VIEW: Celebrating South Asian commonalities —Adeel Pathan - Friday, April 22, 2011

Interacting with the Nepalese, Bangladeshis and Indians is simple and easy because of a number of reasons ranging from the same or easily understandable spoken languages, food, dress, to customs and traditions 

The winners of the much-hyped Pakistan-India match have undoubtedly been the people who found an opportunity of getting closer to each other and share the joy and happiness through a sporting activity. We should not treat it as a mere cricket match because the positive vibes of both teams playing in the cricket stadium of Mohali were praiseworthy and similar was the response of the spectators from the two neighbouring countries.

There are more commonalities among the people living in different countries of South Asia than differences and this was further explored and exposed during a study programme in Nepal, which could be pronounced as an undisputed visitor-friendly country of South Asia.

More than 30 fellows belonging to Pakistan, India, Nepal, Sri Lanka and Bangladesh gathered in a village resort of Nepal near Kathmandu city with backgrounds in academia, development sector, research, education and women’s movements. They came together from February 1-18, 2011 as part of phase I of South Asian Network to Address Masculinities (SANAM) on understanding masculinities.

The course was designed and given the indigenous name of SANAM, which means sweetheart in Urdu, for developing better understanding on the issues of masculinities (characteristics usually attributed to men but which could be exhibited by other human beings as well) and how this is linked with culture, politics and social change.

Differences among the South Asian countries notwithstanding, the participants of this 18-day programme came so close to one another that it is difficult to segregate them into country slots. South Asians are very humble and loving and no problem was faced in learning from the participants’ diverse experiences.

The experience of staying together for almost three weeks was enough to reveal that whatever the differences of South Asian countries on the political level, the people of these countries are alike and love each other despite bad phases of history. These differences are political in nature and need political solutions instead of disallowing people-to-people contact, stopping or minimising the access to information about one country in another and so on. We need to learn a lesson from our colonial masters who have now realised the importance of unity in the shape of the European Union.

Interacting with the Nepalese, Bangladeshis and Indians is simple and easy because of a number of reasons ranging from the same or easily understandable spoken languages, food, dress, to customs and traditions. Though the sessions were purely academic in nature, even then during the presentations of at least four countries (excluding Sri Lanka) it was clear that they had many things that linked them with one another and gave the people of this region a unique identity. Out of sessions and classrooms of the training programme, the fellows kept on discussing the political landscape of the countries of South Asia, different strategies the politicians are adopting, benefits they are earning by fuelling hatred among the common people and how media is being used all over the region to support this process.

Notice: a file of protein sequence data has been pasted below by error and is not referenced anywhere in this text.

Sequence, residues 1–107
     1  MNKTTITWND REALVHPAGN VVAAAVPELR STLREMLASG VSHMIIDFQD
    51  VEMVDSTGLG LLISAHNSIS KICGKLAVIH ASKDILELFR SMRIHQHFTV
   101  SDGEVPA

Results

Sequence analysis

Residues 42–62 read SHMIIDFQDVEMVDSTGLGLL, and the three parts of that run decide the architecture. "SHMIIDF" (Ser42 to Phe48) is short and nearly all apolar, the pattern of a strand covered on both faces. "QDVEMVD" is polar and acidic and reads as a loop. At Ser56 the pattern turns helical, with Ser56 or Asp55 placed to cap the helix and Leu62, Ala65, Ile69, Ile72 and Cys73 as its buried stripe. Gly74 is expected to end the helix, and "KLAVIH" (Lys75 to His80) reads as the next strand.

The interaction and communication with Bangladeshi young professionals also helped in understanding them. It is surprising that the country, which was once part of Pakistan, is seen as being distant in relations as well due to this parting of the ways.

A Bangladeshi friend admitted that before meeting us (fellows from Pakistan) he had a negative image about Pakistanis but after this meeting, this notion has been eliminated or reduced greatly because the people were not responsible for whatever happened in East Pakistan.

The participants shared how radicalisation and fundamentalism are being promoted in secular India and questioned why people of India and Pakistan are not allowed to freely meet and interact with each other.

With politics keeping the people of all these nations apart, how will we end the distance and come closer to one another for sharing our cultures, traditions, food and our rich heritage which is adored all over the world as South Asian?

I am not exaggerating that Pakistanis are identified as ‘Asians’ or ‘Indians’ outside Pakistan because of our looks and style. So, if the outer world sees us as one nation, i.e. South Asian, then why do we not rise above our differences and embrace each other? Pakistan, India, Nepal and Bangladesh, Sri Lanka, Bhutan and Maldives can join hands and make the regional forums more vibrant by bringing their people closer for the purpose of sharing and celebrating the rich commonalities that have existed for centuries.

I recall the sentence of a food manager of the resort where we stayed, Raj Kumar, at the beginning of our course. He said that you will get Indian and Asian food and served them in style. Pakistanis could claim it was all Pakistani food and Indians and Bangladeshis felt they were their own dishes and recipes.

The writer is a freelance journalist and SANAM fellow from Pakistan. He can be reached at

Source :\04\22\story_22-4-2011_pg3_5

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